Using a trick with the optical resolution limit, Stefan W. Hell managed to break through the diffraction barrier in light microscopy, making it possible to obtain high-resolution images of the innermost workings of life. The chemistry Nobel laureate will now deliver this year’s Pauli Lectures at ETH Zurich.
For many years, natural scientists dreamed of making the tiniest of structures visible. Sharp images inside living cells, however, remained inaccessible to biologists for a long time. In 1873, Ernst Abbe determined that the diffraction of light presents a seemingly insurmountable limit to microscopic resolution: an optical microscope can only be used to discern structures that are larger than half the wavelength of the light used to illuminate the sample. The resolution limit was considered insurmountable for more than a century. One person who was undeterred by Abbe’s basic law was Stefan W. Hell. As a young researcher, the Romanian-German physicist set out to break the diffraction barrier in light microscopy and succeeded in doing so in the 1990s - using a clever trick.
A stroke of genius at the optical boundary
‘Hell is an exceptional researcher and ingenious inventor,’ says Matthias Gaberdiel, Professor of Theoretical Physics at ETH Zurich. ‘He was the first to find a way to circumvent Abbe’s diffraction limit in optical microscopes. His method enabled biologists and medical specialists to obtain high-resolution images of cell interiors and study life processes at the molecular level.’ Gaberdiel is organising this year’s Pauli Lectures and was able to bring Hell on board as a lecturer.
Hell is considered the intellectual forefather and mastermind behind a special form of fluorescence light microscopy known as STED (Stimulated Emission Depletion), which offers a sharpness of detail that is no longer limited by light diffraction. To ‘cheat’ this diffraction, Hell developed a method for controlling adjacent fluorescing molecules with two beams of light in a confined space, such that they can be made to fluoresce in succession. Both molecules would normally become blurred in an image from a classic microscope. Using Hell’s technique, it is possible to obtain images of objects at a resolution nearly ten times greater than previous methods allowed.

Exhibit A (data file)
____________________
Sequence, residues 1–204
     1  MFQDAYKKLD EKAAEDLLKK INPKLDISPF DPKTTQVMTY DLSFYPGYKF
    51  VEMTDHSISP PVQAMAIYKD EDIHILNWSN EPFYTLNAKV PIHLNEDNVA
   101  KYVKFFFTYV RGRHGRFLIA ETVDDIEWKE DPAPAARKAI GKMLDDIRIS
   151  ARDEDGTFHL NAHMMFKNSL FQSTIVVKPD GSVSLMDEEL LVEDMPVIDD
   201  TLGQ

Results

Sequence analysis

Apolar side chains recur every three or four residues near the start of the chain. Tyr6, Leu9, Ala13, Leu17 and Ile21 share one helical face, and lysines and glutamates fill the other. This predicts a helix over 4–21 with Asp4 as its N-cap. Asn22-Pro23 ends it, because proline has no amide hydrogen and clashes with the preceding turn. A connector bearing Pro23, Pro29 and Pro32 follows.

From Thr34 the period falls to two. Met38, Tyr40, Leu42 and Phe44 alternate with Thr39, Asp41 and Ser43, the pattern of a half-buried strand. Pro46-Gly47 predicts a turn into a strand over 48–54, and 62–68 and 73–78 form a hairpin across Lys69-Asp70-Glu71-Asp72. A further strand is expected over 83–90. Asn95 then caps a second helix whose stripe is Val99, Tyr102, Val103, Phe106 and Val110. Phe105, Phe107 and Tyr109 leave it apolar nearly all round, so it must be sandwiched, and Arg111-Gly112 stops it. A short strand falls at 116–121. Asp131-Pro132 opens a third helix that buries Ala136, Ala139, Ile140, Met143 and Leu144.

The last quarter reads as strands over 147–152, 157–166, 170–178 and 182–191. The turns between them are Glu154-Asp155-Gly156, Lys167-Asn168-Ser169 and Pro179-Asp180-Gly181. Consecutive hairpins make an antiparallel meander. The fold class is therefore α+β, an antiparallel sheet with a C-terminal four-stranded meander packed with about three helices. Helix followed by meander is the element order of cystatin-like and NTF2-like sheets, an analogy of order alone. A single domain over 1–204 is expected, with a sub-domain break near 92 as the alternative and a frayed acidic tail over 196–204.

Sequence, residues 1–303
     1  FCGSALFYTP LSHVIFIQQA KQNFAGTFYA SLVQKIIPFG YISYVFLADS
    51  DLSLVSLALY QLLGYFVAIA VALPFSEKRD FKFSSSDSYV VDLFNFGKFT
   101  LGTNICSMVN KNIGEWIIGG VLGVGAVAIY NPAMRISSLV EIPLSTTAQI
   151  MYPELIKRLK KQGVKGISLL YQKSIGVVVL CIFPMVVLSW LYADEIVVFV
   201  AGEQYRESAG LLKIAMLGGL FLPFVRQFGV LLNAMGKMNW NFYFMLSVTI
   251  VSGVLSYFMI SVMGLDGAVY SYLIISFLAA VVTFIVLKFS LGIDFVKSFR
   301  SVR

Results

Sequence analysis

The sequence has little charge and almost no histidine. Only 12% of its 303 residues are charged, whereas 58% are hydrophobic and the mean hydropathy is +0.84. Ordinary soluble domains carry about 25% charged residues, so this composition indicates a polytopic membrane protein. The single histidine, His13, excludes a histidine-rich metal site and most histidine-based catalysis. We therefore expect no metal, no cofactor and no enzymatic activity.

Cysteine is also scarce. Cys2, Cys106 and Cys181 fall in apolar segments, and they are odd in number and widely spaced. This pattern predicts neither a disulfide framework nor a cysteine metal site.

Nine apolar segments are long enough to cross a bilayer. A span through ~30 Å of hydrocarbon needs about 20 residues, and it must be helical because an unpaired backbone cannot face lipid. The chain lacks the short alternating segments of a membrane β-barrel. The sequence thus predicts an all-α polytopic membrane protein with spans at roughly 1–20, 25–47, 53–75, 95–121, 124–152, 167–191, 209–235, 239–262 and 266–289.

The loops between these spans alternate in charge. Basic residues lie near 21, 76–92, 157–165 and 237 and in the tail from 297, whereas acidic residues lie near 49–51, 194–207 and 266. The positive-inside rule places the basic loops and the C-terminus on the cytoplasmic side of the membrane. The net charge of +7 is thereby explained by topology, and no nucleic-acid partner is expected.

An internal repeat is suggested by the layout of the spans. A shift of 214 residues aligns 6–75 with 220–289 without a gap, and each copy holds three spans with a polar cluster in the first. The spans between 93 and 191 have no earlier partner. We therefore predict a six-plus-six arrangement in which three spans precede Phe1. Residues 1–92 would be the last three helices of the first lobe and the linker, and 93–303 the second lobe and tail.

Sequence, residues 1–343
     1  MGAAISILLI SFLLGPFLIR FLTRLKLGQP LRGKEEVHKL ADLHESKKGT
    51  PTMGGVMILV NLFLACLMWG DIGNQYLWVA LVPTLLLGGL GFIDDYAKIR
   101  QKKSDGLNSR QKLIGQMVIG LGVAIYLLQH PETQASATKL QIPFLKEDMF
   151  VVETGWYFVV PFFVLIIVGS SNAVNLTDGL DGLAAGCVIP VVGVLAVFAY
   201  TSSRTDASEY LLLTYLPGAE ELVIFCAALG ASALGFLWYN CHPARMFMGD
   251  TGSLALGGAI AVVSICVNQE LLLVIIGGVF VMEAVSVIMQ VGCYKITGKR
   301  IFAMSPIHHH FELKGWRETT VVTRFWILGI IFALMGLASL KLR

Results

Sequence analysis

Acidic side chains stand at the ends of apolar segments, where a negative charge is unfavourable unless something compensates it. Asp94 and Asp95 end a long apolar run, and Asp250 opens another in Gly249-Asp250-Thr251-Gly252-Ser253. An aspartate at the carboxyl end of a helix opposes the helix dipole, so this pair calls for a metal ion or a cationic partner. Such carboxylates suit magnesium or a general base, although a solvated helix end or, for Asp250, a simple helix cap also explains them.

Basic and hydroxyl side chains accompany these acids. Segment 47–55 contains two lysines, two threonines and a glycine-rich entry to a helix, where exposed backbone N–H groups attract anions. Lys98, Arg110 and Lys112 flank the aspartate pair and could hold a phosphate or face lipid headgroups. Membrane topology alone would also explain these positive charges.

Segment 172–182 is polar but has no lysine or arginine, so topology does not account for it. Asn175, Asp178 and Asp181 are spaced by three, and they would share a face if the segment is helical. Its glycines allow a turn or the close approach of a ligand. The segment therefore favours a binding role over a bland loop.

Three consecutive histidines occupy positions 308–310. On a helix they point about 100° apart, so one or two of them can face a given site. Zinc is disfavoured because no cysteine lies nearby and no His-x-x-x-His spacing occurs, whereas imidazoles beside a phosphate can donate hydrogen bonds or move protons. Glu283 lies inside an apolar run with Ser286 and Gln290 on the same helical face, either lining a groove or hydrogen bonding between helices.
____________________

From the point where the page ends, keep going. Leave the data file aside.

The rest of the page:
In this way, Hell revolutionised light microscopy: although penetrating into molecular dimensions was possible with an electron microscope, living cells or tissues could not be examined in this way because of the high-energy rays.
The life and work of a laureate
Hell is a researcher at the Max Planck Institute for Biophysical Chemistry in Goettingen and at the German Cancer Research Center in Heidelberg. He has received numerous accolades and awards for his achievements, most notably the Nobel Prize for Chemistry in 2014, awarded jointly with Eric Betzig and William E. Moerner. ETH Zurich’s Department of Physics has now honoured Hell by inviting him to deliver this year’s Wolfgang Pauli lectures.
During the ETH lecture series, which starts on Monday, 22 May, the 54-year-old Hell will talk about his journey to winning the Nobel Prize, provide exciting insights into the world of microscopy, and present the latest developments in his research field.
The Wolfgang Pauli Lectures, a three-part lecture series, have been held annually since 1962. The topics alternate between physics, mathematics and biology. The Pauli Lectures offer a forum for distinguished speakers to present their research. The lecture series is named after the theoretical physicist and Nobel laureate Wolfgang Pauli, who was a professor at ETH Zurich from 1928 until his death in 1958. The lectures, delivered in English, are open to the public and aimed at a wide audience with an interest in natural sciences. Entrance is free; prior registration is not necessary.
Lectures given by Stefan W. Hell:
- How I Got to Break the Diffraction Barrier of Optical Microscopy
Monday, 22 May 2017 (5.15 p.m.) Auditorium Maximum, HG F 30, ETH Zentrum, Rämistrasse 101, Zurich
- Nanoscopy with Focused Light
Tuesday, 23 May 2017 (5.15 p.m.) Auditorium Maximum, HG F 30, ETH Zentrum, Rämistrasse 101, Zurich
- Optical Nanoscopy: Concepts and Recent Advances
Wednesday, 24 May 2017 (3.30 p.m.) Lecture Room HCI G 3, ETH Hönggerberg, Vladimir-Prelog-Weg 1-5/10, Zurich